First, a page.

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Old 04-11-2015, 05:58 PM   #1
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6.7 Powerstroke - Water in fuel MSG

Just thought I'd throw this out there as an FYI for those of you with the 6.7. Long story short - If you receive a "Water in Fuel - Drain filter" message, and you drained the filter and didn't find any water there, and the message won't clear, there is a good chance water got into the electrical connector at your separator. So unplug the connection, blow it out dry with a compressor and plug it back in. More importantly yet, you must drive the truck for 5 or so miles at highway speed for the message to clear. Throw a little dielectric grease on the connection while you are at it.

This is the first time I have had any issue with this system and I regularily power wash the underside of the truck. Difference was this time I had brought it in for the annual undercoating and when they power washed the underside it must have gotten in and they must have sprayed high pressure water at the connection directly.

I spent hours on the trying to get opinions from local Ford diesel mechanics but it didn't really help (also doesn't help its a Saturday) None advised me to do this, they all recommended it be brought in and drained and checked out. I found this procedure on a Powerstroke forum. Hopefully nobody will have this headache but if you do, hopefully I can save your guys a bit of headache, money and wasted time.
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Old 04-11-2015, 07:26 PM   #2
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I don't have a Ford but this is probably good info for any diesel, so thanks! BTW, have you ever power washed your engine? I don't mean go wild by putting the highest pressure right on the engine but just getting some of the grime off? About three years ago my dealer told me that could be done but to just stay away from the air intake. I've never done it cuz it sounds kinda crazy to me.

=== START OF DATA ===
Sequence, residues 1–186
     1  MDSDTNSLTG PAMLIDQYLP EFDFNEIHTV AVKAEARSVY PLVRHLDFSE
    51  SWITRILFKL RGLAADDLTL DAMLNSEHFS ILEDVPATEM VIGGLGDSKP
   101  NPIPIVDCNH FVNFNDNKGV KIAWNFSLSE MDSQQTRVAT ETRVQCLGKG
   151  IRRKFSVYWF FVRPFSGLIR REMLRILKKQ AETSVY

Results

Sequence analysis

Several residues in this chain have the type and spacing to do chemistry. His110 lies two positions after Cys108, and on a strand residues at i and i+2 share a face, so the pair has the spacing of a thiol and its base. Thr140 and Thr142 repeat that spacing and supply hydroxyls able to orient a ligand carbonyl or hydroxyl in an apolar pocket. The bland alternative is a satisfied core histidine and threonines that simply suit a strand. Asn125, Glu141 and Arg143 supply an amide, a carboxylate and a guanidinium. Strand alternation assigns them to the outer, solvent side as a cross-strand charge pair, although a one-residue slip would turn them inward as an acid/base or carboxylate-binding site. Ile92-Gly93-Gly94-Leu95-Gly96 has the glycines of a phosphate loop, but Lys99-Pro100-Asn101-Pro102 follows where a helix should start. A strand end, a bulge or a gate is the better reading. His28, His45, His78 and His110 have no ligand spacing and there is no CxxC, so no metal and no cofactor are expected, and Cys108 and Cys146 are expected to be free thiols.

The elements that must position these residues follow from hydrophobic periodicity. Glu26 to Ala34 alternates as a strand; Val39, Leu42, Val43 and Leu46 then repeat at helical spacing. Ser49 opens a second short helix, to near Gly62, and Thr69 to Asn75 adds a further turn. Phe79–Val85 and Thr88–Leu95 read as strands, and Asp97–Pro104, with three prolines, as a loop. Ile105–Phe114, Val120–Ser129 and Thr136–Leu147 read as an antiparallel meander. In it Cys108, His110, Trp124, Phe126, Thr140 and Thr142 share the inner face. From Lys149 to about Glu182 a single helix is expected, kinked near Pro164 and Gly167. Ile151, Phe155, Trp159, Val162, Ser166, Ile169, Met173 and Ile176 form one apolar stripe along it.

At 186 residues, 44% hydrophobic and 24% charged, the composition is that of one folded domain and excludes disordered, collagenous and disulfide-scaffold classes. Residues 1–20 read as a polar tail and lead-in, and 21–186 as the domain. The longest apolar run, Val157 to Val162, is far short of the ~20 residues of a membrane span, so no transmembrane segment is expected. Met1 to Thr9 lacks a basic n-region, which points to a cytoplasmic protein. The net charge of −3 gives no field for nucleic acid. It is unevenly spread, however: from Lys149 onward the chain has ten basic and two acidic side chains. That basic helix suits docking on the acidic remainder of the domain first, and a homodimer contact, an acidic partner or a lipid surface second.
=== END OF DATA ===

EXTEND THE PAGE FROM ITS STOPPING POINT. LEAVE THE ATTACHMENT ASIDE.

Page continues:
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Old 04-11-2015, 09:05 PM   #3
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troutslayer,

In the "old days" I would often wash off the engine block (avoiding electrical and air intake with the spray) because oil seeping was more common and an insulating layer of dirt and oil would form, increasing engine operating temperature.

I don't t see oil seep on a modern engine and so don't see a need to wash. I think you can, but far more wires and sensors to avoid than the "old days."
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Old 04-13-2015, 04:10 PM   #4
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Quote:
Originally Posted by RUSSELL5000 View Post
troutslayer,

In the "old days" I would often wash off the engine block (avoiding electrical and air intake with the spray) because oil seeping was more common and an insulating layer of dirt and oil would form, increasing engine operating temperature.

I don't t see oil seep on a modern engine and so don't see a need to wash. I think you can, but far more wires and sensors to avoid than the "old days."
+1, plus there are way more electronics in todays engine compartments than ever before. I avoid washing the engine compartment, unless it is absolutely necessary
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Old 04-13-2015, 06:35 PM   #5
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Thanks for the post UPcamper good to know
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Old 04-14-2015, 08:14 AM   #6
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WD40 also works well to clear out the water .. then use the dielectric grease
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Old 04-14-2015, 08:58 AM   #7
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UPCamper,

I work at a Ford dealer. How many times has the WIF message come on? The reason I ask is, the vehicle has a "counter" on it and after so many times..it'll de-power the truck. And if you don't have an IDS (diag tool) it'll strand you somewhere. You STILL need to take it in!
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